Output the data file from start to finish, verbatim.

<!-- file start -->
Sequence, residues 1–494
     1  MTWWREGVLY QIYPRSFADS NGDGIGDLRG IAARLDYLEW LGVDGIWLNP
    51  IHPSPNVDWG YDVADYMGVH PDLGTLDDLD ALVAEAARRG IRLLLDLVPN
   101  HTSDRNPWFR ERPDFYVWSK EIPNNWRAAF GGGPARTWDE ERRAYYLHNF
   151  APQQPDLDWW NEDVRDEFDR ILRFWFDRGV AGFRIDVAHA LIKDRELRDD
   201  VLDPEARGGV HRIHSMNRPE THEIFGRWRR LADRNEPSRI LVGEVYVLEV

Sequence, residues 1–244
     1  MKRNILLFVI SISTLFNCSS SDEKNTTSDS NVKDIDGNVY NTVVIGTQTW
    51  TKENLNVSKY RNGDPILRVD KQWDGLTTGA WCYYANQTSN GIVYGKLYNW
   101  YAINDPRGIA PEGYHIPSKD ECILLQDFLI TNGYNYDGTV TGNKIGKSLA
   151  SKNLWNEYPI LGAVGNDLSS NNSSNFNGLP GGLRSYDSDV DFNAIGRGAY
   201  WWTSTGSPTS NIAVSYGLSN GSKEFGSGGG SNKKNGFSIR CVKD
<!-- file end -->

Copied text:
Sequence, residues 1–494
     1  MTWWREGVLY QIYPRSFADS NGDGIGDLRG IAARLDYLEW LGVDGIWLNP
    51  IHPSPNVDWG YDVADYMGVH PDLGTLDDLD ALVAEAARRG IRLLLDLVPN
   101  HTSDRNPWFR ERPDFYVWSK EIPNNWRAAF GGGPARTWDE ERRAYYLHNF
   151  APQQPDLDWW NEDVRDEFDR ILRFWFDRGV AGFRIDVAHA LIKDRELRDD
   201  VLDPEARGGV HRIHSMNRPE THEIFGRWRR LADRNEPSRI LVGEVYVLEV

Sequence, residues 1–244
     1  MKRNILLFVI SISTLFNCSS SDEKNTTSDS NVKDIDGNVY NTVVIGTQTW
    51  TKENLNVSKY RNGDPILRVD KQWDGLTTGA WCYYANQTSN GIVYGKLYNW
   101  YAINDPRGIA PEGYHIPSKD ECILLQDFLI TNGYNYDGTV TGNKIGKSLA
   151  SKNLWNEYPI LGAVGNDLSS NNSSNFNGLP GGLRSYDSDV DFNAIGRGAY
   201  WWTSTGSPTS NIAVSYGLSN GSKEFGSGGG SNKKNGFSIR CVKD